Revolution, Liberalism, and Nationalism
in Europe, 1789-1914

Course Description and Selected Web Sites

Professor: Robert W. Brown

History 3290 traces the history of Europe from the eruption of the French Revolution in 1789 to the outbreak of World War I in 1914. Because this century and a quarter is so filled with momentous events and because we know so much about these events, our coverage must necessarily be selective. For about the first third of the semester, our attention focuses on France, then the dominant nation in Europe, and we will study in succession the French Revolution, the Napoleonic Empire, and the various legacies remaining from these events that shaped European affairs until the Revolutions of 1848. As we move toward the middle of the century, France recedes into the background and is replaced by Great Britain as we concentrate on the Industrial Revolution and its consequences, political and social changes, and intellectual movements like socialism, romanticism, liberalism, and nationalism. Germany, the third nation that will receive considerable attention, first becomes of major importance in the 1860s and then dominates Europe in the years leading up to World War I. As we progress through the nineteenth century, we will also study the increasing urbanization of Europe, the growth of mass literacy, and the transformation of family life. Our journey will conclude with a careful study of late-nineteenth century diplomacy as we try to understand how total war came unexpectedly to Europe in the summer of 1914. And, from time to time, we will pause in our journey to consider major intellectual, cultural, and artistic movements.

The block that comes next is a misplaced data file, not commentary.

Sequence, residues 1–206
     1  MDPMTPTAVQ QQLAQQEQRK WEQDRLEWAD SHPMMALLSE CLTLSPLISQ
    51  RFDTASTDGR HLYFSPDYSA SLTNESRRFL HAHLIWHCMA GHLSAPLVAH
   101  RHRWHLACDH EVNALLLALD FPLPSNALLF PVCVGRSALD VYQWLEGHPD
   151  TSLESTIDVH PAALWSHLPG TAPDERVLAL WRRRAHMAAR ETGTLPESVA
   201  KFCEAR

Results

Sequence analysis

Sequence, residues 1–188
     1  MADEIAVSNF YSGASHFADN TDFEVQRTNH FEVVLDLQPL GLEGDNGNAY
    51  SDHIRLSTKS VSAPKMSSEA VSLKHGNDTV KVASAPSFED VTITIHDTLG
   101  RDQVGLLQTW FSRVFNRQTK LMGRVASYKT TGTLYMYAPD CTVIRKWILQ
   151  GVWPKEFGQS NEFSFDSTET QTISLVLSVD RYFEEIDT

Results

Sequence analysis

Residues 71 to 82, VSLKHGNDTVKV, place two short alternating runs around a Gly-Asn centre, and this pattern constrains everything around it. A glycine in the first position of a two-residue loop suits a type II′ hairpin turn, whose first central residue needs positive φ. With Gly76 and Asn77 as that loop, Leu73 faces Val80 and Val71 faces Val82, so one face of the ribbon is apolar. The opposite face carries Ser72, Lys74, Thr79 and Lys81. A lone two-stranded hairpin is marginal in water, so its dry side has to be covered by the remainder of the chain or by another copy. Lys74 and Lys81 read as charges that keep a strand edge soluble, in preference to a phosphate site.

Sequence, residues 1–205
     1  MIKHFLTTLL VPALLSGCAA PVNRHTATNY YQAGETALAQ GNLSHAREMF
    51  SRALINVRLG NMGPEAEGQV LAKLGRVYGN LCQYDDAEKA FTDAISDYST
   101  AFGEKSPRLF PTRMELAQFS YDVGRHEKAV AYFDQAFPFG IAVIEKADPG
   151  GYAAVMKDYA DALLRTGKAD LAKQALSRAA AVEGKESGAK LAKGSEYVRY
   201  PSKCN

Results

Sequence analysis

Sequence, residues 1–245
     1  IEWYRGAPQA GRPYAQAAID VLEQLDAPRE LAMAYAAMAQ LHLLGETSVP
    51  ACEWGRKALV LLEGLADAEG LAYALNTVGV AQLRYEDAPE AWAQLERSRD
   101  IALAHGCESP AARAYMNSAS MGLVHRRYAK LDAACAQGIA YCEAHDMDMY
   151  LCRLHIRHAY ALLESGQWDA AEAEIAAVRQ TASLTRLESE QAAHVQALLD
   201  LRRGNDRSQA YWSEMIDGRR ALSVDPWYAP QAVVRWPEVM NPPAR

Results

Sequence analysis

Selected World Wide Web Sites for HST 3290

These links are reviewed on a regular basis.  If you find one that does not work, please send me an email.


This page is maintained by Robert W. Brown
Last update:  17.VI.2008

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